Moreover, these incentives do not just expand or contract the economy by the amount of any tax cut or tax increase. For example, a tax cut of $100 billion involving reduced tax rates does not just affect the economy by $100 billion. The lower tax rates affect every dollar and every economic decision throughout the economy.

Furthermore, marginal tax rates do not just affect the incentives of those to whom the rates currently apply. They also affect those to whom the rates may apply in the future. For example, consider a small business owner. If he invests more capital in his business to expand production, or hires more workers to increase output, that may result in higher net taxable income. It is the tax rate at that higher income level -- not at his current income level -- that will determine whether he undertakes the capital investment, or hires more workers.

Ryan's budget included income tax reform with a 25 percent top income tax rate for family incomes over $100,000 a year, a 10 percent rate for incomes below $100,000, and generous personal exemptions leaving the first $40,000 a year for a family of four free of any income tax. It also included corporate tax reform, which addresses an enormous problem troubling the American economy.

The U.S. corporate income tax rate is virtually the highest in the industrialized world, with a federal rate of 35 percent. State corporate rates take it close to 40 percent on average. Even Communist China has a 25 percent rate. The average rate in the heavily socialist European Union is less than that, and formerly socialist Canada is cutting its 16.5 percent rate down to 15 percent next year.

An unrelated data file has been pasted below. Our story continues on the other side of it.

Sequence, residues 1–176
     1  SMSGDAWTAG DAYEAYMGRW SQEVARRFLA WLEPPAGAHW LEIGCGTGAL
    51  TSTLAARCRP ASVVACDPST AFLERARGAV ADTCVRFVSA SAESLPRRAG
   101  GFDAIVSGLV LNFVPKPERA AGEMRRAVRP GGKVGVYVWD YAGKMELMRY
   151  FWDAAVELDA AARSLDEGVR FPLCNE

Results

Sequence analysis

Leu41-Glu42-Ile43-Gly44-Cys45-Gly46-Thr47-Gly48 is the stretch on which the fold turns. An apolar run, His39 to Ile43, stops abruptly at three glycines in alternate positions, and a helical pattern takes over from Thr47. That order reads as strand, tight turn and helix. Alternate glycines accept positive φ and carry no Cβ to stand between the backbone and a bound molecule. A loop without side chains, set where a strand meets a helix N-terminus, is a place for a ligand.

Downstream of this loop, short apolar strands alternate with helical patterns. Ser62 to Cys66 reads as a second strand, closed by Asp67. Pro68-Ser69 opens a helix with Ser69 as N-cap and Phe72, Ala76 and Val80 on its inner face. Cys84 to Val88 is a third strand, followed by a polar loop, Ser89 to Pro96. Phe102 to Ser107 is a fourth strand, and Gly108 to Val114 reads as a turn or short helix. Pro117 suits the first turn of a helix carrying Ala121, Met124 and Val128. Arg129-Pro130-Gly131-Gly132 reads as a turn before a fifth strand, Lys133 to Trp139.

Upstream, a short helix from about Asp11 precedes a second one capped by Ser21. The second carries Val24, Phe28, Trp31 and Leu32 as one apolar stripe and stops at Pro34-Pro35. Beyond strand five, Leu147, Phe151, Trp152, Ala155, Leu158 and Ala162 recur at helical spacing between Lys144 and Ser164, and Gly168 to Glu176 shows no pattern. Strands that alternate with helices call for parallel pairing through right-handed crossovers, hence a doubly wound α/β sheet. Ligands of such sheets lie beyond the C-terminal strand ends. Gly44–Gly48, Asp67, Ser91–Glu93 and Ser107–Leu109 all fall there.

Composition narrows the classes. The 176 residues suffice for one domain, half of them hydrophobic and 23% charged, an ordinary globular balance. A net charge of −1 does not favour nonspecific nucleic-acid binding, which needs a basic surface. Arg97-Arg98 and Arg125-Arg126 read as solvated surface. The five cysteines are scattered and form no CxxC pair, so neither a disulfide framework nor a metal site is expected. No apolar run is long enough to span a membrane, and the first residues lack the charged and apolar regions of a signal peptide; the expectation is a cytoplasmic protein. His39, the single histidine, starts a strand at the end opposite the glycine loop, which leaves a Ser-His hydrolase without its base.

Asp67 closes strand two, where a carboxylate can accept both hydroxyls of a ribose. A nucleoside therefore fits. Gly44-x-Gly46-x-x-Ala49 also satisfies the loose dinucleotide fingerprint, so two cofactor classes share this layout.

The U.S. corporate income tax rates leave American companies uncompetitive in the global economy. Ryan's budget proposed a federal corporate income tax rate of 25 percent. The much lower individual and corporate rates from Ryan's tax reforms would cause a new economic boom with millions of new jobs and higher wages due to the resulting incentives for productive activities, as discussed above. Yet, with the closed loopholes, CBO has already scored Ryan's tax reforms as restoring federal tax revenues to the long run, postwar, historical average over the last 70 years of just over 18 percent of GDP. And that doesn't fully account for the economic growth that would result.

The Republican-controlled House should execute Leadership Now by passing Ryan's individual and corporate tax reforms this year. Let the do-nothing Democrat Senate sit on them. Then let's see what the voters have to say about it next year.

Spending and Entitlement Reform

The Republican House should also take the lead on spending cuts now, without waiting for the deficit reduction Super Committee, by passing Appropriations bills that implement all of the discretionary spending cuts of the Ryan budget. Those cuts were based on the popular plan of returning all non-entitlement, non-interest spending for all federal agencies and departments back to 2008 levels.

Gingrich raises a popular entitlement reform opportunity based on the enormously successful 1996 reforms of the old Aid to Families with Dependent Children program (AFDC), enacted while Gingrich was Speaker of the House.

Those reforms sent the federal financing for the program back to the states in fixed, finite block grants, with states empowered to redesign new welfare programs for the poor -- based on work. If a state's program cost more than its federal allotment, then it had to pay all of the extra costs itself. If its program cost lest, then it could keep the resulting savings.